Yeah, but you also get to recognize their shortcomings. Like a new Joss Whedon movie comes out, I know it's going to largely focus on a so-called "strong female character" who's really just a fighting fucktoy written in as masturbational fodder for the fanboys, and the character motivations and will tend to revolve around casual sexual assault as a lazy plot convenience.

Ross_Varn wrote:I definitely get that criticism of him, but Good Omens is just a good book to recommend to people.

There's an appendix at the end of Good Omens in which they talk about which characters were written mostly by Gaiman and which were written mostly by Pratchett, and then you realize why you enjoyed some parts of the book while others could have been improved by deleting them entirely.
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Re: Books Thread

Postby Silverdream » Fri May 02, 2014 3:19 am

Just finished Metro 2033 and it was fantastic. I thought it lagged at certain parts, but overall it was a really good read.

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Also, the ending was great.


Also, I'm surprised Battle Royale wasn't mentioned in this thread already. In concept it's kind of like the Hunger Games, but both authors take it in different directions, and I feel they both do it justice. I would say that Battle Royale is better overall though.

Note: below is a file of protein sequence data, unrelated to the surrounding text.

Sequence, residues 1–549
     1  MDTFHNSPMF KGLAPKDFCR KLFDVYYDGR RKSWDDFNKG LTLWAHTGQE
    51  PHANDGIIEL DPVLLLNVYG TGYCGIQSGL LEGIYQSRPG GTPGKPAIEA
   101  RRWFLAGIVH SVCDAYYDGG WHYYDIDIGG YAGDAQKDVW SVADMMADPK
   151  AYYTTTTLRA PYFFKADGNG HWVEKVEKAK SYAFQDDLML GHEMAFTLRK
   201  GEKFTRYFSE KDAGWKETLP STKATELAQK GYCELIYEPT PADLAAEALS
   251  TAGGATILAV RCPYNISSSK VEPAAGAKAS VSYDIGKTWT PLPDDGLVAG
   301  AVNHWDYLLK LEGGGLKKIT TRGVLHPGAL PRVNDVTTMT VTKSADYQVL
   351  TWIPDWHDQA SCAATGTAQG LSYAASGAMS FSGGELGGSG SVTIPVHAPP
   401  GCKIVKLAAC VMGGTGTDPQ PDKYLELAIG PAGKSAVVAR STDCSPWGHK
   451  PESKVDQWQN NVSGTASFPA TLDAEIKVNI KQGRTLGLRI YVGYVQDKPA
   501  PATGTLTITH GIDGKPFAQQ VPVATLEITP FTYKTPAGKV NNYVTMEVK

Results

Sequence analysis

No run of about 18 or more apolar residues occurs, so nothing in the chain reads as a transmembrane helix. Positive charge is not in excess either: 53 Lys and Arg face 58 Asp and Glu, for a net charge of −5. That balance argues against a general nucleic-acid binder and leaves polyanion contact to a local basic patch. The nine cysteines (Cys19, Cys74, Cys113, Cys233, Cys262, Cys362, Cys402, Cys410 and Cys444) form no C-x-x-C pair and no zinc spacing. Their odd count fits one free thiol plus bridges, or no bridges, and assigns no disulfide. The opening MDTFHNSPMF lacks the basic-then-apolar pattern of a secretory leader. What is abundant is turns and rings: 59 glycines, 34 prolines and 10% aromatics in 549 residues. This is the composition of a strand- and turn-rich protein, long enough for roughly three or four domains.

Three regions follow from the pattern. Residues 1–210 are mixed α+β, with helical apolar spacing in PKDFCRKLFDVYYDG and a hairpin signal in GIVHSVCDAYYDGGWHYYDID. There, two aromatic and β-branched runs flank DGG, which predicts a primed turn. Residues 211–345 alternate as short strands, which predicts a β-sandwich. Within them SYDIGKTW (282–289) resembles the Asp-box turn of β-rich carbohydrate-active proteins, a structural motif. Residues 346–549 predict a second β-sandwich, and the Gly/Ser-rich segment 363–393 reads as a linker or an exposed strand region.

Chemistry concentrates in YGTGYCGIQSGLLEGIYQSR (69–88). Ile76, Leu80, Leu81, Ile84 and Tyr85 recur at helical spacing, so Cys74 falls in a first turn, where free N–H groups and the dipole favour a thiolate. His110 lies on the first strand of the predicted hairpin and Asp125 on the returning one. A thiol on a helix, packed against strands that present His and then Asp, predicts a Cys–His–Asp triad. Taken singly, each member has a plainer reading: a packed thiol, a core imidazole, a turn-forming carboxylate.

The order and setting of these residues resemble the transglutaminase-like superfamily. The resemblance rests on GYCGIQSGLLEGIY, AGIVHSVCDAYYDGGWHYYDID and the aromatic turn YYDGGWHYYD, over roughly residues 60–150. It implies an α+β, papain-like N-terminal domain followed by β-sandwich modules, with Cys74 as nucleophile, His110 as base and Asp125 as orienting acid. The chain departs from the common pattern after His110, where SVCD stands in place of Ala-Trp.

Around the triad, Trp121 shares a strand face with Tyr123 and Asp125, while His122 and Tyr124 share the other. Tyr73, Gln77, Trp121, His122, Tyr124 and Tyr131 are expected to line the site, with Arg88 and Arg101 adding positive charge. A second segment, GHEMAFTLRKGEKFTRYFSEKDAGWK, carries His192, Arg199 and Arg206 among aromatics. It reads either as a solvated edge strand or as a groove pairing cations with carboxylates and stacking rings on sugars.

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Re: Books Thread

Postby samuelzz10 » Fri May 02, 2014 4:27 pm

I finished reading David Lee Roth's autobiography, it's really good. But you should probably know, it's not written in a chronological fashion, most chapters are random stories or several stories based around a single subject (and the those chapters are really long, the chapter about his travels is about 30 pages long) but the entire book is really good. Between the longest chapters are things like poems and short stories that don't really mean anything that are also very short, there are times where across 2 pages there are 4 chapters.

You can't buy the book new anymore, as it went out of print a while back, but it's still pretty cheap on Amazon. I recommend it.
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Re: Books Thread

Postby IVhorseman » Fri May 02, 2014 5:27 pm

30 pages does not a long chapter make. Does it have pictures accompanying the text, or is it one of those books where the pictures are all in a separate insert in the middle?
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Re: Books Thread

Postby samuelzz10 » Fri May 02, 2014 7:20 pm

IVhorseman wrote:30 pages does not a long chapter make. Does it have pictures accompanying the text, or is it one of those books where the pictures are all in a separate insert in the middle?

Pictures in the middle, and compared to the relatively short chapters the 30 page ones are really long.